Ozone Levels Linked to Allergy Symptoms

grass pollen allergies and ozone

Ozone boosts allergy symptoms

Recent research may explain why some people allergic to pollen have allergy symptoms during times outside the pollen season. Pollen allergies are also apparently linked to levels of ozone in the air.

Grass pollen allergies studied

The researchers, faculty scientists from the Macedonia University Clinic of Pulmonology and Allergy, conducted a randomized, double-blind clinical trial with 10 people who were allergic to grass pollen.

The patients were exposed to two hours of filtered air, as well as air with high ozone levels – 400 parts per billion – on two separate occasions. These tests were conducted prior to the pollen season and after the pollen season.

The tests reproduced environmental conditions for two hours for each test. The researchers measured the patients’ nasal levels of histamine, eosinophil cationic protein, myeloperoxidase, total proteins, and albumin. They also measured levels of immune cells such as neutrophils and eosinophils from the nasal discharge. These allowed the researchers to determine whether the patients were having an allergic response to the environmental conditions set up by the test.

In each of the tests – both in pollen season and outside of pollen season – the patients responded greater to the higher ozone levels – as if they were having an allergic response to the higher ozone levels. As these responses were compared to the filtered air responses, it became evident that for those will allergies, higher ozone levels can exacerbate conditions just as high pollen levels can.

Hay Fever and Allergies by Case Adams Naturopath

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The researchers also found that the six-hour allergic response after higher ozone exposure produced a sustained increased allergic response – as compared with those who were breathing the filtered air.

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The researchers found that neutrophil levels within nasal discharge was significantly higher among those breathing the higher ozone air. Eosinophils were also significantly increased. Because these elements are directly related to an immune system response, the researchers concluded that not only can higher ozone levels increase allergic response, but that the increased level of sensitivity among the nasal tissues in those who have allergies leads to a greater allergic response to ozone.

The Dangers of Ozone and how it is produced

High levels of low level ozone – ozone within our breathing atmosphere – has becoming increasingly concerning to health experts, and has been related to higher rates of asthma and even cardiac arrhythmia. Lower-level ozone is produced when pollutants – from cars, manufacturing and so on – become exposed to sunlight. Volatile organic compounds (VOCs), carbon monoxide and other oxides become degraded by sunlight and the reaction produces ozone.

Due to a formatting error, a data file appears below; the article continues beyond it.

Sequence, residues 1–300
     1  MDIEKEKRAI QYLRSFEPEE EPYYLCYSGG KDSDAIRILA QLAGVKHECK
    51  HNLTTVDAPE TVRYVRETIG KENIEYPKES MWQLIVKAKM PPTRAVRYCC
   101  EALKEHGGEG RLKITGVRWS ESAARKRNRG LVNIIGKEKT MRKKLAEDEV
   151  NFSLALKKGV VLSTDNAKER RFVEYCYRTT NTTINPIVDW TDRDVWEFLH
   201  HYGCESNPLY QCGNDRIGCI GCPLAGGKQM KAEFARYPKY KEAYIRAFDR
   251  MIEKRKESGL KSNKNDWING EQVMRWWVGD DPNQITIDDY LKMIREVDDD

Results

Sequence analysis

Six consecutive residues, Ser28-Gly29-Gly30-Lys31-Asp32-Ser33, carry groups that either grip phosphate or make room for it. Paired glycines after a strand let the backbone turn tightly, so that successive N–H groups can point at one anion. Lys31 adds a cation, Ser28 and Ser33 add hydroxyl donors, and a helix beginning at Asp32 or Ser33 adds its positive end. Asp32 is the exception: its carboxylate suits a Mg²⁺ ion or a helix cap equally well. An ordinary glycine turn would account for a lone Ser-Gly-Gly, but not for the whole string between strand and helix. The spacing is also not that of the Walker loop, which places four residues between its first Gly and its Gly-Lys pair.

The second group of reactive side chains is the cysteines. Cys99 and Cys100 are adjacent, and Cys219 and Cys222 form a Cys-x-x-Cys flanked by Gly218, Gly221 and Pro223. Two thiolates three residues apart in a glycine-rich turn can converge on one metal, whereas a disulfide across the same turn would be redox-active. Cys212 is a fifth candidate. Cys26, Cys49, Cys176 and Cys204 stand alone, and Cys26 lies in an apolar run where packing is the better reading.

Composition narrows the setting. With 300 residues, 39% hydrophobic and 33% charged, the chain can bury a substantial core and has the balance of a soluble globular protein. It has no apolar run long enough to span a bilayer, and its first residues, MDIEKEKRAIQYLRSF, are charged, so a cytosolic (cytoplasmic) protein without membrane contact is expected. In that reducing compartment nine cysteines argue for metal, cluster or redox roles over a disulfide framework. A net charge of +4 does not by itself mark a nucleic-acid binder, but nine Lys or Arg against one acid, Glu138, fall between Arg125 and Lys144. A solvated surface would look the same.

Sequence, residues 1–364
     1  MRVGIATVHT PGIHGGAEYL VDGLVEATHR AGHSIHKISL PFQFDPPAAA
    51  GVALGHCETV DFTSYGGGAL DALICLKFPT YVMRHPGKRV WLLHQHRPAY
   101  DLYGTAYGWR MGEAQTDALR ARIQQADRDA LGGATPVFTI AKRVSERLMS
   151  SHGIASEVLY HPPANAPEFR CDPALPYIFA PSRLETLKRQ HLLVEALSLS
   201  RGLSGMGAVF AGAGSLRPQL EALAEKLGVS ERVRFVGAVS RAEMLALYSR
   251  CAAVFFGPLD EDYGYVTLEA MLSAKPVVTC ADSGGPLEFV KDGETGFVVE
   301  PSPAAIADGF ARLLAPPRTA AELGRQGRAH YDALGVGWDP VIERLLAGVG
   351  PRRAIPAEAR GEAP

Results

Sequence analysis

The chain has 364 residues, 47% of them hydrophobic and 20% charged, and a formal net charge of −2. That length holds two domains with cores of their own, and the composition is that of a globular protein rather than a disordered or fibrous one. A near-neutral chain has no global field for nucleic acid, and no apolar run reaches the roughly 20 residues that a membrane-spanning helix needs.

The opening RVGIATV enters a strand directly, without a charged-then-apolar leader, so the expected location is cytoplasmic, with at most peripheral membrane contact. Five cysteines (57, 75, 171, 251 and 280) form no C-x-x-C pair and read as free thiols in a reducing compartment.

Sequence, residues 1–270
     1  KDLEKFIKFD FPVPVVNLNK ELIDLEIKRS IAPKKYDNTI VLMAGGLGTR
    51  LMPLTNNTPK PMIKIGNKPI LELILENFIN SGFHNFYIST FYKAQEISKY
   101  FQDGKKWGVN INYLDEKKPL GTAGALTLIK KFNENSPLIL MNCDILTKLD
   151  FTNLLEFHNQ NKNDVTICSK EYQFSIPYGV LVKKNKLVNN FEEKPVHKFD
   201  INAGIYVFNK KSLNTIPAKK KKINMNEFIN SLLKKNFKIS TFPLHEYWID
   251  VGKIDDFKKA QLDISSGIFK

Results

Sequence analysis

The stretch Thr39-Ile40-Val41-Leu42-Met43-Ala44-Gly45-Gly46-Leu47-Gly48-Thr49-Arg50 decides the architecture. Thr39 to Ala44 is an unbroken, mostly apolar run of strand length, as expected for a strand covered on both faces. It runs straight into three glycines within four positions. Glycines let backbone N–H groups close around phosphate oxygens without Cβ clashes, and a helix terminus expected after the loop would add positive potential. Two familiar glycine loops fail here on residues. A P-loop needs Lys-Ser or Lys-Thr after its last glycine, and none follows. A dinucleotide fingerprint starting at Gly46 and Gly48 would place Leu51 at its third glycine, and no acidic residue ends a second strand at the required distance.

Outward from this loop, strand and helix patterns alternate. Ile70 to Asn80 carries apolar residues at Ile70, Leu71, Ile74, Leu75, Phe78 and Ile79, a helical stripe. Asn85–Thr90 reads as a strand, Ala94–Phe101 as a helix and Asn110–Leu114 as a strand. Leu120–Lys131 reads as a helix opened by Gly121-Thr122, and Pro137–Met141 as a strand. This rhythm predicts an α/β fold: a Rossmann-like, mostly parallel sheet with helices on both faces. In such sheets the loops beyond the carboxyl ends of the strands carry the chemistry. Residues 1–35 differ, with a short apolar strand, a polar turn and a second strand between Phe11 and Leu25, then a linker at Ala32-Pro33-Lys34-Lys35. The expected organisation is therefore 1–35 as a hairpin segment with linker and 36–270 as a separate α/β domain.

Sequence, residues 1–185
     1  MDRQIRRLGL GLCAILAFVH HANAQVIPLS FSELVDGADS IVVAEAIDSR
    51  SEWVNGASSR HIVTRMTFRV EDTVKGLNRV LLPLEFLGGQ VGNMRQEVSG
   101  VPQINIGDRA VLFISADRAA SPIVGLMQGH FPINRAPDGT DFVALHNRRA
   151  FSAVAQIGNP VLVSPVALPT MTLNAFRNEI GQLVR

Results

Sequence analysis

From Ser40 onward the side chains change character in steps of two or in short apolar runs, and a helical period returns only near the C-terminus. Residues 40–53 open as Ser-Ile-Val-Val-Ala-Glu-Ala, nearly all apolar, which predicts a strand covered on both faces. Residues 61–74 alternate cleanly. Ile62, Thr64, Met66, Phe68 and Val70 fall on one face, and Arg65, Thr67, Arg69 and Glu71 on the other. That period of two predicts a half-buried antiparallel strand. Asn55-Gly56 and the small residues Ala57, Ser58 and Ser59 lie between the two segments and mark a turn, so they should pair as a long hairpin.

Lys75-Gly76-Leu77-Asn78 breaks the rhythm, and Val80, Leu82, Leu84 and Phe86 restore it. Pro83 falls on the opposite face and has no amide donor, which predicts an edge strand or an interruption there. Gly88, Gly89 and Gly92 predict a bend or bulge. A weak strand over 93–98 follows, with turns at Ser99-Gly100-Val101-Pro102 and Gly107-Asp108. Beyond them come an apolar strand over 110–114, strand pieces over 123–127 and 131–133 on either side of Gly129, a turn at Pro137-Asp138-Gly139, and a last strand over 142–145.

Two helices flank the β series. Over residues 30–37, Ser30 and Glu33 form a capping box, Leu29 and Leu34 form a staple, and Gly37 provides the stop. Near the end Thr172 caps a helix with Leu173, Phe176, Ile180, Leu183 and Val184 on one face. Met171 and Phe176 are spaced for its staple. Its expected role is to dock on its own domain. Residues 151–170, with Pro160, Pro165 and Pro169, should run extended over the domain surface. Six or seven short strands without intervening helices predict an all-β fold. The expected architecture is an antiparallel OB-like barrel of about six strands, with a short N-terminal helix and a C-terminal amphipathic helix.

According to a 2007 American Lung Association State of the Air report, 46% or about 136 million Americans live within a county having “unhealthful” levels of either ozone or particle-based outdoor pollution. Over 38 million Americans live in a county with “unhealthful” levels of both ozone and particle pollution. A third of Americans live in “unhealthful” ozone level counties.

Hay fever and allergies related to exposure via breathing are technically called allergic rhinitis. Pollen-related allergies are called seasonal allergic rhinitis. Increasingly, doctors are seeing pollen allergy sufferers having symptoms long after pollen season is over.


Dokic D, Trajkovska-Dokic E. Ozone exaggerates nasal allergic inflammation. Prilozi. 2013;34(1):131-41.

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Rich DQ, Mittleman MA, Link MS, Schwartz J, Luttmann-Gibson H, Catalano PJ, Speizer FE, Gold DR, Dockery DW. Increased Risk of Paroxysmal Atrial Fibrillation Episodes Associated with Acute Increases in Ambient Air Pollution. Environ Health Perspect. 2006; 114:120-123.

Adams C. Hay Fever and Allergies: Discovering the Real Culprits and Natural Solutions for Reversing Allergic Rhinitis. Logical Books, 2012

Case Adams is a California Naturopath with a PhD in Natural Health Sciences, and a Board Certified Alternative Medicine Practitioner. He has authored 26 books on natural healing strategies. “My journey into writing about alternative medicine began about 9:30 one evening after I finished with a patient at the clinic I practiced at over a decade ago. I had just spent the last two hours explaining how diet, sleep and other lifestyle choices create health problems and how changes in these, along with certain herbal medicines and other natural strategies can radically yet safely turn our health around. As I drove home that night, I realized this knowledge should be available to more people. So I began writing about health with a mission to reach those who desperately need this information. The strategies in my books and articles are backed by scientific evidence along with wisdom handed down through traditional medicines for thousands of years.”

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